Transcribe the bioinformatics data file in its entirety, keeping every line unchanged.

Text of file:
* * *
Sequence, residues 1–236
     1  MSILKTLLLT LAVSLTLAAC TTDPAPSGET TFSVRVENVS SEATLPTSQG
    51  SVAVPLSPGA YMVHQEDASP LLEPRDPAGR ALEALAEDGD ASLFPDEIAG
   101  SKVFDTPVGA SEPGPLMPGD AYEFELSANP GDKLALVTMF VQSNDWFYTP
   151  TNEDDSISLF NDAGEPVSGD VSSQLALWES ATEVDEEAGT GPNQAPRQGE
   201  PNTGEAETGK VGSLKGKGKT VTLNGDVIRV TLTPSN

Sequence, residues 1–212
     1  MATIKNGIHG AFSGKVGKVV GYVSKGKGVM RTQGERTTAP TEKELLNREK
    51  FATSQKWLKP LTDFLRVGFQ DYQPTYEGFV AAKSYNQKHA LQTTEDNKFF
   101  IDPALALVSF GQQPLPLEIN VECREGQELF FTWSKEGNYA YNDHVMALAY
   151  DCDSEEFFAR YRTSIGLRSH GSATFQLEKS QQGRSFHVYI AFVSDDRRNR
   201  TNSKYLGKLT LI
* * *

Sequence, residues 1–236
     1  MSILKTLLLT LAVSLTLAAC TTDPAPSGET TFSVRVENVS SEATLPTSQG
    51  SVAVPLSPGA YMVHQEDASP LLEPRDPAGR ALEALAEDGD ASLFPDEIAG
   101  SKVFDTPVGA SEPGPLMPGD AYEFELSANP GDKLALVTMF VQSNDWFYTP
   151  TNEDDSISLF NDAGEPVSGD VSSQLALWES ATEVDEEAGT GPNQAPRQGE
   201  PNTGEAETGK VGSLKGKGKT VTLNGDVIRV TLTPSN

Sequence, residues 1–212
     1  MATIKNGIHG AFSGKVGKVV GYVSKGKGVM RTQGERTTAP TEKELLNREK
    51  FATSQKWLKP LTDFLRVGFQ DYQPTYEGFV AAKSYNQKHA LQTTEDNKFF
   101  IDPALALVSF GQQPLPLEIN VECREGQELF FTWSKEGNYA YNDHVMALAY
   151  DCDSEEFFAR YRTSIGLRSH GSATFQLEKS QQGRSFHVYI AFVSDDRRNR
   201  TNSKYLGKLT LI